Celtic festival names

Some time back I posted a video about cultural appropriation and Lora O’Brien pointed out that the modern Wiccan and Pagan usage of Sabbat names is appropriated from Irish culture and language.

Gerald Gardner and other early Wiccans did not use the Irish names for these festivals — that happened later. Wicca is not a Celtic religion.

It does seem wrong to lift these festivals out of context. There are other old names for these festivals in England and Wales (the Scots Gaelic has similar names to the Irish Gaelic, but pronounced differently).

Candlemas (Imbolc) evolved from the Feast of Torches which was celebrated all over Europe in honour of various deities depending on the locale. The nearest Roman festival was Lupercalia. The Greeks celebrated the return of Persephone from the underworld. In many places, pancakes, representing the solar disc, were eaten. The Irish festival of Imbolc appears to have a completely different origin.

May Day is a much older name for the festival celebrated on the first day of May than Beltane (which we’ve all been pronouncing wrong anyway). Lá Bealtaine is the Irish name for the month of May, as Michéal points out in an excellent YouTube video). Maiouma was celebrated in Greece and Floralia in Rome. The maypole was erected in southern England; fires were lit and leapt over in Northern England. In the Midlands of England, they celebrated the story of Robin Hood & Maid Marian by building bowers for them to lie in. The Old English name for the fifth month of the year was þrimilce. It literally meant “three milkings,” because the cows gave so much milk.

Lammas is a completely different festival from Lughnasadh and the names are not interchangeable. Lammas has different origins and a different story (the story of John Barleycorn). Lughnasadh was established by the god Lugh in honour of his mother, Tailtiu.

The old name for Hallowe’en in various parts of England was Hallantide (Hollantide in the Isle of Man), Hallowstide, or Allantide. It was called Samhain in Scotland and Ireland.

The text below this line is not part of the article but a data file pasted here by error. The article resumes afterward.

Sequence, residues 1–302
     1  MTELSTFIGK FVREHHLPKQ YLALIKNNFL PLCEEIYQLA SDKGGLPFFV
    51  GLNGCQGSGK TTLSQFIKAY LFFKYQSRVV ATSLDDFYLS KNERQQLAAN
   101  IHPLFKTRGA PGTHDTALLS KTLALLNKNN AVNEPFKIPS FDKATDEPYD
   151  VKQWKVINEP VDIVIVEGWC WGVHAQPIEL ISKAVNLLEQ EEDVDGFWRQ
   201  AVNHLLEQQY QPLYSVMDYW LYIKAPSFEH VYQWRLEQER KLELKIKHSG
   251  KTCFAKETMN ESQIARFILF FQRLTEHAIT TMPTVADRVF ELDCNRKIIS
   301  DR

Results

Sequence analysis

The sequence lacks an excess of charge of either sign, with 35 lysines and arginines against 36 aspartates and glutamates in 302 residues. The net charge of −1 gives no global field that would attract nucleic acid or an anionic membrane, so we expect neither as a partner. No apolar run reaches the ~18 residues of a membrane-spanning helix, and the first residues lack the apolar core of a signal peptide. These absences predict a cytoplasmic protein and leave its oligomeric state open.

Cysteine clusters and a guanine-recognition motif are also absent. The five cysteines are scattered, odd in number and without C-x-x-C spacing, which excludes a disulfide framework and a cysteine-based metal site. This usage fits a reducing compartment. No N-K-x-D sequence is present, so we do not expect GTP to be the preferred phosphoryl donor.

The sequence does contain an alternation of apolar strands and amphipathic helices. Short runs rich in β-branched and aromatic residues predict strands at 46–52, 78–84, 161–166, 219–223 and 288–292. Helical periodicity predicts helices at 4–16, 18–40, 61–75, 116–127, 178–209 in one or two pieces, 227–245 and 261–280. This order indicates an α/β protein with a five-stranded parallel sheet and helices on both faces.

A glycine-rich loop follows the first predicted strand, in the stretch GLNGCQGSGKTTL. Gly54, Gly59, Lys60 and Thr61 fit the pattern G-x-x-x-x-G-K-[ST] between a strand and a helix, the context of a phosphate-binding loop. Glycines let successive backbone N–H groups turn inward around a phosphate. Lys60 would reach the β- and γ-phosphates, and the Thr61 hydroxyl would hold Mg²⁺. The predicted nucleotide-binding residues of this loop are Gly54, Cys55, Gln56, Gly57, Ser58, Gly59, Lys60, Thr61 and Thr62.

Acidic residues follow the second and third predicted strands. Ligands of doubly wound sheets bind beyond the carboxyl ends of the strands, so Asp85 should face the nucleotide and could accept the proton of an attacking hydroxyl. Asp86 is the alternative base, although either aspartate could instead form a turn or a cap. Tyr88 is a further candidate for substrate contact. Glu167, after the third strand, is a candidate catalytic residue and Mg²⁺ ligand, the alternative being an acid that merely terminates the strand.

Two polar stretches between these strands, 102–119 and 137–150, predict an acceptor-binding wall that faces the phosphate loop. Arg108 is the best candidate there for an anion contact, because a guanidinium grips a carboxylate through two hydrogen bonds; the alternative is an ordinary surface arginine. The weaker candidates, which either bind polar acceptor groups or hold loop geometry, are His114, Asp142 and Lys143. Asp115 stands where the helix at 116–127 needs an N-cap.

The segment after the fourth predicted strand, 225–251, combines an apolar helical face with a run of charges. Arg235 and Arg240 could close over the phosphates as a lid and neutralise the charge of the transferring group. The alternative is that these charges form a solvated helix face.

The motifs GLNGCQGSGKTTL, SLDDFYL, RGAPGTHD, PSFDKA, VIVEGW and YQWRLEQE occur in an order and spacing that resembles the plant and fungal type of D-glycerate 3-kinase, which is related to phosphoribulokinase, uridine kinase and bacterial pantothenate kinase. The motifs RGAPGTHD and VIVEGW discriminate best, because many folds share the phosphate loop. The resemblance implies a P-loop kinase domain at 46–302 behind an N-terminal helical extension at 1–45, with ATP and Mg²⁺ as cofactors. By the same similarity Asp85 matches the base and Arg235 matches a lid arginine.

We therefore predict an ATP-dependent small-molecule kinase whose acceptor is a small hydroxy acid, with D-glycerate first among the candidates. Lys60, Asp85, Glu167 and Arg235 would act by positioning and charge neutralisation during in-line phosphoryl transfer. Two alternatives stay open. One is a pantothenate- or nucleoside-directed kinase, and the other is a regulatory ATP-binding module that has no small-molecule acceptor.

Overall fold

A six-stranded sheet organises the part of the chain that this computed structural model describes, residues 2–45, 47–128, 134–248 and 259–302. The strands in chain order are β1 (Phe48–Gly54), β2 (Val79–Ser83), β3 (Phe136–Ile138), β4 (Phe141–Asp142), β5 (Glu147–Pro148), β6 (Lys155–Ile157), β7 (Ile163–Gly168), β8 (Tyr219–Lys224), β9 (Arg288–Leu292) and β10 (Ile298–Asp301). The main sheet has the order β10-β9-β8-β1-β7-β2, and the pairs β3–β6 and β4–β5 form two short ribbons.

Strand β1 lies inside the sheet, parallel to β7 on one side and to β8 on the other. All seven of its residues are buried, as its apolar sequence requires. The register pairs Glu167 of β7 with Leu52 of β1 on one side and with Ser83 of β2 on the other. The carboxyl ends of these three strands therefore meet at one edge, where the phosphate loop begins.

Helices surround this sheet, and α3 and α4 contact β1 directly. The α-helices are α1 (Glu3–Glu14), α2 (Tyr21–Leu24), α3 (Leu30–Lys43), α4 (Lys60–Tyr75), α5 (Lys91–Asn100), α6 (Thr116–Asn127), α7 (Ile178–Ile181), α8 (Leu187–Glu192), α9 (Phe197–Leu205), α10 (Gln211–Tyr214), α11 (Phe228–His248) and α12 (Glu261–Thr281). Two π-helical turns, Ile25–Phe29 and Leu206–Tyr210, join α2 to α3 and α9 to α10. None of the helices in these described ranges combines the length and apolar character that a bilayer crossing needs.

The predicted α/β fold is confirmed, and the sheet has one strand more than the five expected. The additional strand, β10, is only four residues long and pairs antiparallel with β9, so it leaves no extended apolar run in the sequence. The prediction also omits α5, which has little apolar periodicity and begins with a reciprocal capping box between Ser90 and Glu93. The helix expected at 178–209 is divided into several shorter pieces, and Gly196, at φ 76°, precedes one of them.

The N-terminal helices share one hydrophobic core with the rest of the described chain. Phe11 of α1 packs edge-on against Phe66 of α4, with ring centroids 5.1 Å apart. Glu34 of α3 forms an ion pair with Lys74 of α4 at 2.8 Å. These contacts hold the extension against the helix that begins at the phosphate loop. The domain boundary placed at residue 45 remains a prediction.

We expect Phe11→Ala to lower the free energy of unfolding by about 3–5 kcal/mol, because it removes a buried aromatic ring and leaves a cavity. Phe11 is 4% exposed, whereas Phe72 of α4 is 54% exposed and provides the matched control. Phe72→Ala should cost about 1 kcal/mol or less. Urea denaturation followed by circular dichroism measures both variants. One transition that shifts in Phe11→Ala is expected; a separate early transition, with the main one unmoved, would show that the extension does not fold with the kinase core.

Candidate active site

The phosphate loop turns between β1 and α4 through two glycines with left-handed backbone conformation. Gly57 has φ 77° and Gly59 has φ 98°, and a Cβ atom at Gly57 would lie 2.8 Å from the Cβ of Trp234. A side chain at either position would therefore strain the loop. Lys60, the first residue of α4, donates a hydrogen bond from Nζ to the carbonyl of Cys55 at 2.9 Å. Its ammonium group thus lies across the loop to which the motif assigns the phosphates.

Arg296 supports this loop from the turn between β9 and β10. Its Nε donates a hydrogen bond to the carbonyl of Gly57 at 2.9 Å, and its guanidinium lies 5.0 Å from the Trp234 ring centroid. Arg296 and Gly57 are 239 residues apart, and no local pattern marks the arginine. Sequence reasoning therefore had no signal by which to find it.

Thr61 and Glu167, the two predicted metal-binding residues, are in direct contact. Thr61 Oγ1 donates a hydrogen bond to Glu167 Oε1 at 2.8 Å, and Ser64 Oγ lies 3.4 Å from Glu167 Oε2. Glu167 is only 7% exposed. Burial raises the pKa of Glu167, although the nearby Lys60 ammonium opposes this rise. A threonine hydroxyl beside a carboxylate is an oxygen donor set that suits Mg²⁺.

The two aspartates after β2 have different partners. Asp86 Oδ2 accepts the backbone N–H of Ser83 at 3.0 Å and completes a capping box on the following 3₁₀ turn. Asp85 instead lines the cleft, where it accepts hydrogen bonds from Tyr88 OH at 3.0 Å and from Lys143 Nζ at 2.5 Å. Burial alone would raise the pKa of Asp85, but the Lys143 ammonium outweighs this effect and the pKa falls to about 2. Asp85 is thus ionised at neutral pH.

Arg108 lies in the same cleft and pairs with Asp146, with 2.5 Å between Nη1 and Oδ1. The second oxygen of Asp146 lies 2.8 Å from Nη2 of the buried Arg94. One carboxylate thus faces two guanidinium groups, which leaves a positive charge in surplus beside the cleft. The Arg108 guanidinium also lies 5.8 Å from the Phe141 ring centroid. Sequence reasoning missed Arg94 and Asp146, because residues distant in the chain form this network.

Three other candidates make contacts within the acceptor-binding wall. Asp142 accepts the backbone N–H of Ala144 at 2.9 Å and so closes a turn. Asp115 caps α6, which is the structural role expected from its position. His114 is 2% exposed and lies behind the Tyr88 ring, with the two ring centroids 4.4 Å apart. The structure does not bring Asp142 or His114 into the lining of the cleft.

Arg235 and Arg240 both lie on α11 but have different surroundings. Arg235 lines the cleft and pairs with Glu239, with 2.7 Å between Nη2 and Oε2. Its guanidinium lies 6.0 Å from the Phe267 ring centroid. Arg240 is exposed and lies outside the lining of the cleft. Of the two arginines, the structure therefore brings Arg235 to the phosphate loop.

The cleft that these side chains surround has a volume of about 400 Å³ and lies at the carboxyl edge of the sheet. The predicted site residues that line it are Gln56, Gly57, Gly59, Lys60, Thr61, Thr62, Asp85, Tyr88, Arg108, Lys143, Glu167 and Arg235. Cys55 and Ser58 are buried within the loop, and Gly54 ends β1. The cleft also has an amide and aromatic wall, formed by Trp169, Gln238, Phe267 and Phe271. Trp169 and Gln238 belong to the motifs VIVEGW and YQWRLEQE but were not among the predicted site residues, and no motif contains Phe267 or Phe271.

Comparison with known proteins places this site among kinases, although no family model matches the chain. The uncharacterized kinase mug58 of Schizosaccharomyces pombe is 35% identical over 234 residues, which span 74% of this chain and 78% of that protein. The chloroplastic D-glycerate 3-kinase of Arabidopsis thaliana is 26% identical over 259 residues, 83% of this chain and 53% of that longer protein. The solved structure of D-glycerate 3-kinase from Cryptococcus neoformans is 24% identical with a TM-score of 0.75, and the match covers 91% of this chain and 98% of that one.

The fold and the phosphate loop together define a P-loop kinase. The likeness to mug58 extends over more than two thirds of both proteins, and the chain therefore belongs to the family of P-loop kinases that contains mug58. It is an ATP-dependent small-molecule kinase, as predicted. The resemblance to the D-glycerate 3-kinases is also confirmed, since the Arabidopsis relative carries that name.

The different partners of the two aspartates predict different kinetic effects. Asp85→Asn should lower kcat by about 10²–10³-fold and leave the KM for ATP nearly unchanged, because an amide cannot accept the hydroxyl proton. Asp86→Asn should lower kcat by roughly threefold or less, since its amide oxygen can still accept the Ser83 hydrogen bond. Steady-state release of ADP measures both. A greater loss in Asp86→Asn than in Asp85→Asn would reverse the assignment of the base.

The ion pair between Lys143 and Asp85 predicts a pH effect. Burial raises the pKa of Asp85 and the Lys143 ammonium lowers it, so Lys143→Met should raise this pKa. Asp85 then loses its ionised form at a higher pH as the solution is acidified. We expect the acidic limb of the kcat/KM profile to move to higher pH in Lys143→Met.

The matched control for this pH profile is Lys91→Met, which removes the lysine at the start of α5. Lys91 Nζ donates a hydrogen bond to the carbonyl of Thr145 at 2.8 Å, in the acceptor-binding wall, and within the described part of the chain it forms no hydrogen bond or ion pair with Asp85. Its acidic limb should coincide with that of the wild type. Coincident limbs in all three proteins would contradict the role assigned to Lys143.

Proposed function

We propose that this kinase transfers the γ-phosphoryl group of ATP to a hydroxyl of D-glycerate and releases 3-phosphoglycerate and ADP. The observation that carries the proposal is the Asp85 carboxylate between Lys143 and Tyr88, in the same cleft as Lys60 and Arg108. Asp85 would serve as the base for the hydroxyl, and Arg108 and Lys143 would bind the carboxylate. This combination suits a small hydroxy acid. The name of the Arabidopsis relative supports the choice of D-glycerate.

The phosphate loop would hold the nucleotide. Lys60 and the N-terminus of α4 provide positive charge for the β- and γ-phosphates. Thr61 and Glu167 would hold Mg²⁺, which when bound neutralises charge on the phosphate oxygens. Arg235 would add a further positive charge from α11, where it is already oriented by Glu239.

Why is this important? Because Ireland was violently colonized by the English, among other reasons. (All colonization is violent but this one was especially unpleasant.) And also because it’s way past time we stopped appropriating other people’s cultures and looked to our own roots. Not in a xenophobic or nationalist way, though. A person is part of a culture by virtue of having been brought up in that culture, or living in it, not by virtue of their genetic ancestry. If you live in England, you’re entitled to identify as English, for example.

Obviously this gets more complicated in colonized lands — you don’t get to identify as part of an Indigenous culture unless you are recognized as a member of that culture by the people of that culture (typically by being an enrolled member of the First Nation in question).

Anyway, conclusions: let’s stop appropriating, look to our own traditions, and respect other cultures by not lifting them out of context.

5 thoughts on “Celtic festival names

  1. I agree with this line of thinking. Yes, of course we’d love to connect our pre-Roman heritage, but taking the name of the actual tongue of those still using it, won’t help.

    I didn’t feel right celebrating Bealtaine but became enchanted in Bringing in the May, or Merry May as I called it because….. well, bugger me, I’m English. And will now start phasing out the Celtic names, not out of xenophobia, but out of respect for the people they actually belong to.

    Liked by 2 people

  2. Brilliant, when growing up in Sheffield, we didn’t really have a May celebration although there was the Lord Mayor’s parade for St George’s Day. Now in Nottingham, there’s the Robin Hood Games although this tends to spread out from May to June.

    Liked by 2 people

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